Photo by Ban Yido
This year for World AIDS Day, we asked Dr. Stephanie Smith (MCS Regent College, PhD University of St. Andrews), Adjunct Professor in Fuller’s School of Theology, to answer some common questions faced by youth ministries discussing and responding to the AIDS pandemic. Over the past two years, Dr. Smith has been researching and writing on the church’s response to HIV/AIDS in Africa. Over the course of her research she has interviewed pastors, theologians, and primary care-givers in East Africa and Sub-Saharan Africa. In addition, she has interviewed numerous NGO and FBO (faith-based organization) leaders in Geneva and London. She is hoping to raise awareness about the AIDS epidemic in American churches and to reflect with African theologians about the impact and meaning of Christian theology in an age of AIDS.
Why should we who are not infected by HIV/AIDS care about those who are?
Christians should respond to the AIDS pandemic for numerous reasons. First, we are called to live as witnesses to God’s grace and compassion for those who are suffering. We read in scripture the specific commands to the community of Israel and to the followers of Jesus to care for the orphans, the widows, the sick, and the marginalized. Second, Christians are called to witness to the healing power of Christ. A study of persons living with HIV/AIDS in South Africa indicated that the act they most valued was someone coming to pray with them. We can also work for healing through actively involving ourselves in the quest to distribute medicines or through the refusal to stigmatize those who are suffering. Third, as Desmond Tutu argues, by refusing to care for a neighbor who is in need, we not only dehumanize the neighbor, we dehumanize ourselves. We are created to live in community, not as isolated individuals. Our refusal to engage our neighbors, both near and far, is a refusal to live as we have been created to live. Thus, in ignoring the other, we dehumanize ourselves.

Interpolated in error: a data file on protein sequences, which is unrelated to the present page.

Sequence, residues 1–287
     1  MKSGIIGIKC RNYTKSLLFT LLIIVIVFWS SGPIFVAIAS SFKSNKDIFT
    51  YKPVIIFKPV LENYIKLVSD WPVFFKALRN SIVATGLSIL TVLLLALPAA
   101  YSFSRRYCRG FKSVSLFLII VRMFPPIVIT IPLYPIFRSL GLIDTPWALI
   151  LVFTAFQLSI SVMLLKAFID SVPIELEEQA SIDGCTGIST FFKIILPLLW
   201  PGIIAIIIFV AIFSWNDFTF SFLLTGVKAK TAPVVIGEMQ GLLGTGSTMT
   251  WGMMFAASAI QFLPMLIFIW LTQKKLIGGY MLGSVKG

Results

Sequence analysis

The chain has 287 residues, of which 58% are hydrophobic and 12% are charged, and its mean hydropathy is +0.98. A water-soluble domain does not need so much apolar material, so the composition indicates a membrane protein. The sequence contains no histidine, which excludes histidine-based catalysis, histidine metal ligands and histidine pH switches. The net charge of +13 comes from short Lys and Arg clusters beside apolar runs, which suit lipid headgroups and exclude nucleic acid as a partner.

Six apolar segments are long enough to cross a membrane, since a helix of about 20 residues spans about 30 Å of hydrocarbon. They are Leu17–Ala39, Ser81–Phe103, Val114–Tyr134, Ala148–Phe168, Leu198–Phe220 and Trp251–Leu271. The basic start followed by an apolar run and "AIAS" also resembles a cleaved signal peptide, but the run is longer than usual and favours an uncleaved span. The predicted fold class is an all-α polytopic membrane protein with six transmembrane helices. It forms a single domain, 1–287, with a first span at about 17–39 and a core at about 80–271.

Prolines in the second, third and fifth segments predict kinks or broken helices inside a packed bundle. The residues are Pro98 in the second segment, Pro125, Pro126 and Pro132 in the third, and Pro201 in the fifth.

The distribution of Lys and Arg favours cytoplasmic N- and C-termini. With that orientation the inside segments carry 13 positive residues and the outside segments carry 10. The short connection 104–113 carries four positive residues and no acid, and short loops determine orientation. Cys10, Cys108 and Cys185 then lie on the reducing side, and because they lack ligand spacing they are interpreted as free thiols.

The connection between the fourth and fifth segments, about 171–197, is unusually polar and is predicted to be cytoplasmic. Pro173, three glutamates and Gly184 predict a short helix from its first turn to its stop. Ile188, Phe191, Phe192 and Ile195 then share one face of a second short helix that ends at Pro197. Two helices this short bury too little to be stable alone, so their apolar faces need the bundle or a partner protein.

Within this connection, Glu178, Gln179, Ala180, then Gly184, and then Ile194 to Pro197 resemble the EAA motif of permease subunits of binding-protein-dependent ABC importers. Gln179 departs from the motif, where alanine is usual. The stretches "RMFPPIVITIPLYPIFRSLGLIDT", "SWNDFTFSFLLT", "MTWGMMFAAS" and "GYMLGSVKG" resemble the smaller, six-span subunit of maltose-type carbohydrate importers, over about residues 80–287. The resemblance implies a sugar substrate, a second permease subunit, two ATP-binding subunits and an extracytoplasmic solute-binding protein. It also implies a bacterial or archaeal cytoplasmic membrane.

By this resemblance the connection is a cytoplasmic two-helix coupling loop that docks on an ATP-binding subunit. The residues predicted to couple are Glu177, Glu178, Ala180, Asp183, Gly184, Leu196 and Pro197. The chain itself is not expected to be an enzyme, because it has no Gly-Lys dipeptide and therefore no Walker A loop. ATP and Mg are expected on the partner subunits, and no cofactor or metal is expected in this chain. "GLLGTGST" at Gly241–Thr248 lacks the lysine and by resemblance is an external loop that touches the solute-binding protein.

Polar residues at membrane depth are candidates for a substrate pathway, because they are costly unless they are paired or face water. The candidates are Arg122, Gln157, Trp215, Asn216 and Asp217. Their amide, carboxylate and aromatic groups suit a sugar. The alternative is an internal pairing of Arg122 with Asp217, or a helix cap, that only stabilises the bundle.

What are some of the major theological issues that we need to think about when it comes to the HIV/AIDS crisis?
There are numerous theological issues and assumptions surrounding the church’s response (or lack of response) to HIV/AIDS. Here are a few questions I’ve been exploring: How do we understand the body of Christ when many in the church are infected? How do we articulate the meaning of human existence as our neighbors die? Who is Christ in the midst of this suffering and this apathy? How should the church engage with society on the political and economic issues surrounding HIV? How do we speak about Christian morality without being moralistic and stigmatizing?
In the midst of those issues, you have written of the importance of the theological framework of the “family of God.” What do you mean by that image, and why is the “family of God” vital to our response to the AIDS crisis?
Living within a context that is inherently community-oriented, numerous African theologians have written about the metaphor of “the family of God” to describe the church in a manner that is both Biblically and culturally appropriate. Working with Kinoti Meme (a Fuller Intercultural Studies PhD student from Kenya), we have begun to explore the meaning of this metaphor for HIV prevention in African churches. Unfortunately, numerous HIV programs imported from the West hold individualist preconceptions that threaten to undermine the strength of African societies. A conception of the church as family reinforces the communal strength of African societies, aiding prevention by building networks of accountability and of care for the suffering. With Christ as the head of the body, we can also critique structures and actions within the church that promote the spread or the stigmatization of HIV/AIDS.
How have cultural views about sexuality served as contributors to the AIDS pandemic in Africa?